Once you have a decent grasp of different types of watches, your focus may turn toward accessorizing said timepieces. After all, one can’t very well fund a new Patek Philippe purchase each month — but one sure as hell can switch out the strap once in a while!
But beyond playing dress up with your favorite watch — and yes: fully grown men do this, sad as it may be to admit — understanding the different types of watch straps and when each is appropriate, where to source them from, what their histories are, etc, is supremely helpful. (Knowing, for example, that only Sean Connery can pull off the combination of white dinner jacket, Rolex Submariner, and regimental nylon strap will probably save you some undue sartorial embarrassment the next time you find yourself in Jamaica.)
Of course, unless you’re buying a watch “head only” (i.e. just the watch head itself) from a vintage or pre-owned dealer, your timepiece will almost certainly show up on a perfectly good strap. Most of these are serviceable, some are truly great, and a select few, such as the titanium dive bracelet with automatically expanding clasp that comes with Tudor’s larger Pelagos models, are freaking genius.
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Regardless of the quality of the strap on which your watch arrives, however, many folks prefer to experiment with other straps — they remove the metal bracelet from their dive watches and switch ‘em out for NATO straps, or they throw their pilot’s watches on Bund straps. (Or, if one is clinically insane, one can remove the straps from several watches and simply walk the streets of New York with a pocket full of jangling watch heads, sans straps. We don’t recommend this, however.) Switching out straps is simply part of the fun of collecting watches, and best of all: straps are much more affordable than watches themselves, so building a collection of them is relatively painless.
Before we get started, it pays to familiarize yourself with different types of watches. Check out some of our guides to the following timepiece categories:
Now, without further ado, let’s get strapped.
Many timepieces still ship on metal bracelets — steel, titanium, precious metals, or otherwise. In fact, the list of occasions on which a metal bracelet is inappropriate is actually much shorter than the amount of instances in which they’re a great fit. (Dress watches, for example, are classically best styled on thin leather straps, generally black or brown. And a shiny, reflective metal bracelet would need to be covered if worn during military service — those pesky reflections can be seen from far away.)
Bracelets come in many forms, and if you’d like to really take a deep dive into their history, we recommend exploring the Gay Frères company, which produced numerous notable types before being subsumed into the juggernaut that is Rolex in 1998. From the wartime “bonklip” to the gloriously elegant “beads of rice” to the mesh “Milanese,” metal bracelets are versatile, robust, and often beautiful. But perhaps none is more ubiquitous, imitated, or lasting than the Rolex Oyster, which still ships in various guises on different Rolex watches — most notably, on the Submariner.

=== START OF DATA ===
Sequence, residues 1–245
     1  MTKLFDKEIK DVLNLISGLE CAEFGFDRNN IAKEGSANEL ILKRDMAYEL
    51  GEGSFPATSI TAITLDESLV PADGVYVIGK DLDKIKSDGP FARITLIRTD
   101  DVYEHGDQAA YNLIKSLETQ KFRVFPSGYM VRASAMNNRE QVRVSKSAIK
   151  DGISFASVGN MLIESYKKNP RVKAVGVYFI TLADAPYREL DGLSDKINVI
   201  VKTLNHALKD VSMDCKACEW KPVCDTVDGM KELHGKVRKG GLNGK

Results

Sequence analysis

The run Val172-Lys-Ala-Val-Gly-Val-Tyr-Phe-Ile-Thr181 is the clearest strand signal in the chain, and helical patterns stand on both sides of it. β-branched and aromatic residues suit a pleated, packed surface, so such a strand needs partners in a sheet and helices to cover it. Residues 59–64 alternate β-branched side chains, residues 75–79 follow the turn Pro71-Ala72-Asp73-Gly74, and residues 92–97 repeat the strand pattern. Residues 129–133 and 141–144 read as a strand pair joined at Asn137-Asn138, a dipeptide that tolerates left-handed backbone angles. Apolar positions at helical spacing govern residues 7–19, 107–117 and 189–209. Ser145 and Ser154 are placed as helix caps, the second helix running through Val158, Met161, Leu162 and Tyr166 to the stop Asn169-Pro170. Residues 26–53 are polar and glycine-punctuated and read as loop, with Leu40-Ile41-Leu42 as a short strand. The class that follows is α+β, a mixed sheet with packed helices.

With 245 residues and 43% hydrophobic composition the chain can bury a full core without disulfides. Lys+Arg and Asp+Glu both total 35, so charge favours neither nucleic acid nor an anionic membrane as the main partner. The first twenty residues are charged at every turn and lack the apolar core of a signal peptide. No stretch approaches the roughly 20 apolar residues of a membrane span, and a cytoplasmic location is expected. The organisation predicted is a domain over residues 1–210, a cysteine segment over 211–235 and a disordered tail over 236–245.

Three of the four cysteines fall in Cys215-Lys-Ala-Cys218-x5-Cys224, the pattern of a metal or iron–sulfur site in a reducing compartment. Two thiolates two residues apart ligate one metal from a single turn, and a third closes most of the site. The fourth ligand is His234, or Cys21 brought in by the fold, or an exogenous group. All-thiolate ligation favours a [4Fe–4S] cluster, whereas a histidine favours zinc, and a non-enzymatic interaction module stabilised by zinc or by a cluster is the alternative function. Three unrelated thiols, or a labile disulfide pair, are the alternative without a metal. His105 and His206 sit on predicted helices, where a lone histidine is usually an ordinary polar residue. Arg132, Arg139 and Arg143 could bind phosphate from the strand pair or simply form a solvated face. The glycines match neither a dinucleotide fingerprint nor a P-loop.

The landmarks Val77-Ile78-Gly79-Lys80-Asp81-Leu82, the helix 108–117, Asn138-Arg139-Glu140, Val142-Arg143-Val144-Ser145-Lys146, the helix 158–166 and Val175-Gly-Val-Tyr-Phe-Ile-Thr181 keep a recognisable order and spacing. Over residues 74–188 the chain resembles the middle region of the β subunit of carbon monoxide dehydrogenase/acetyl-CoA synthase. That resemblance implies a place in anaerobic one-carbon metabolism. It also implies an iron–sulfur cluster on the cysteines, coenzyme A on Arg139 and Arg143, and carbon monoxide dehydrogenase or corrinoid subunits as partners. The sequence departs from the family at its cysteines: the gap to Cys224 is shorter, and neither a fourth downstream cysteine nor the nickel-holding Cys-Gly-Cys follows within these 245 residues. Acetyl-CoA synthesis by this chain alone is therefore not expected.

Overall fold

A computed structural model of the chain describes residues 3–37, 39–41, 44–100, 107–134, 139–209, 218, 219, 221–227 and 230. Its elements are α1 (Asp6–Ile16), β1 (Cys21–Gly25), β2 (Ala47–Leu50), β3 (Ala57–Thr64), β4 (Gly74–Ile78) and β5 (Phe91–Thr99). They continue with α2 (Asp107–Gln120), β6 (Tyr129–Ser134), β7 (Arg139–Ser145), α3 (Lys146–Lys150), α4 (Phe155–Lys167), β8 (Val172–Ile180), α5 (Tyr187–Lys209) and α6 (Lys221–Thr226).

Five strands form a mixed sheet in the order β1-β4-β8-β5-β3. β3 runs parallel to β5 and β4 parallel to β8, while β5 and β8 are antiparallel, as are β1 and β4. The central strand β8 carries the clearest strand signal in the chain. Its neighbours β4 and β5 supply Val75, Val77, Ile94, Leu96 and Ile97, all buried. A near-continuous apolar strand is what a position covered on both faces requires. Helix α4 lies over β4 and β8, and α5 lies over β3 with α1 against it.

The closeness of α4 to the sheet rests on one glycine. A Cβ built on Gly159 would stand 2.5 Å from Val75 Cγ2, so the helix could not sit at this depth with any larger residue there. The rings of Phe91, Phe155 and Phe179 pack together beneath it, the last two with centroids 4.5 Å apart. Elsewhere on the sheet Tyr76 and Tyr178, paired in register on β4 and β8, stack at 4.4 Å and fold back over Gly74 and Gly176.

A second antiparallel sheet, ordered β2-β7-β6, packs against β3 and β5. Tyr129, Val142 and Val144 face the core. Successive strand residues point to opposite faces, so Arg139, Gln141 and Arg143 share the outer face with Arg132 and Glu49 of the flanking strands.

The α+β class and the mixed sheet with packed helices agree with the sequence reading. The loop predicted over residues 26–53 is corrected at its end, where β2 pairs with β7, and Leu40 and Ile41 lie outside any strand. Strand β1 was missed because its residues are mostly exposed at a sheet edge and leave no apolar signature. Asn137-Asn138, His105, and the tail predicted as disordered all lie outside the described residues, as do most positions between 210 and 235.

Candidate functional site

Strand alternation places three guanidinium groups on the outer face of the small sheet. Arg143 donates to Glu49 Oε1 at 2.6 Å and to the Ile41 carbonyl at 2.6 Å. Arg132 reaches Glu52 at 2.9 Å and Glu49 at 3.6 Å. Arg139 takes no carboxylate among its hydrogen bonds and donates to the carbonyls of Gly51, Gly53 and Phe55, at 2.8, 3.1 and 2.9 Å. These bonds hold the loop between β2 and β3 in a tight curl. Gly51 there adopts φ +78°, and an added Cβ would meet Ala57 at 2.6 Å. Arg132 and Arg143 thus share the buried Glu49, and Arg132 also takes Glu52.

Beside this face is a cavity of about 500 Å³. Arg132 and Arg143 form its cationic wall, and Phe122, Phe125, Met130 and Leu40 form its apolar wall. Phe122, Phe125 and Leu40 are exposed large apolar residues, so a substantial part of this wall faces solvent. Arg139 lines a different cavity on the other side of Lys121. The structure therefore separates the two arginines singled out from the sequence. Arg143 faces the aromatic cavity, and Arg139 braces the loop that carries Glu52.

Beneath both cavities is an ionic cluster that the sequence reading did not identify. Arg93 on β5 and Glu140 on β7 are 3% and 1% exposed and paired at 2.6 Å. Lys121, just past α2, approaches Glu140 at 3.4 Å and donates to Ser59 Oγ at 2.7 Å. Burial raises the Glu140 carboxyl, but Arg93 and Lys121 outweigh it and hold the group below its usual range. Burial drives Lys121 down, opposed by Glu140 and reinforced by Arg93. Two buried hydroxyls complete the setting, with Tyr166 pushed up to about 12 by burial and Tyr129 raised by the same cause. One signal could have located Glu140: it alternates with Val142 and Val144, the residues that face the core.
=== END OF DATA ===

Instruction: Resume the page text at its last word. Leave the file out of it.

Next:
Three Excellent Metal Bracelets:
Bulang & Sons Beads of Rice Straight End Link Steel ~$131
Available in various lengths and diameters, this vintage 1930s/1940s-style “beads of rice” looks best paired with a vintage watch — especially a chronograph.
Strap Code Super-JUB II QR $72
An aftermarket version of Rolex’s beloved “Jubilee” bracelet, this tapered version comes with straight “quick-release” end links and a double-button diver’s clasp.
Forstner Ladder Bracelet $125
Perhaps no one is doing bigger things in bracelets these days than Forstner, whose “ladder” bracelet recreates a vintage Gay Frères style that once accompanied the Zenith El Primero.
This is a startlingly broad category — and that’s a wonderful thing! A leather strap is no longer merely the expensive, lizard or alligator hide affair that comes paired to a $30,000 dress watch from the likes of Patek or Vacheron. These days, one can find leather straps in all kinds of guises: some are painstakingly modeled after particular vintage types, while others are wildly creative and colorful contemporary works of art. The trick is knowing where to look for them, as there’s unfortunately plenty of poorly made garbage out there.
A well made bovine leather strap generally costs somewhere in the $75-$150 range, give or take. Once you get into straps made from exotic materials, such as lizard, snake, ostrich, alligator, etc, the price increases to $200+. However, these days more and more folks object to using such materials, and happily, there’s a growing market of alternatives: Some companies make bovine leather straps embossed to look like lizard, for example, while others make vegan leather straps whose manufacture does not use animal products at all.
Three Excellent Leather Straps:
Bas & Lokes Everett Light Grey Suede Watch Strap $159
Handmade in Sydney, Australia and customizable, this gorgeous suede strap is almost laughably comfortable, and a perfect, dressy accompaniment to a beloved tool watch.
The Amagoh Vegan Pineapple Leather Watch Strap In Carlsbad Caverns $85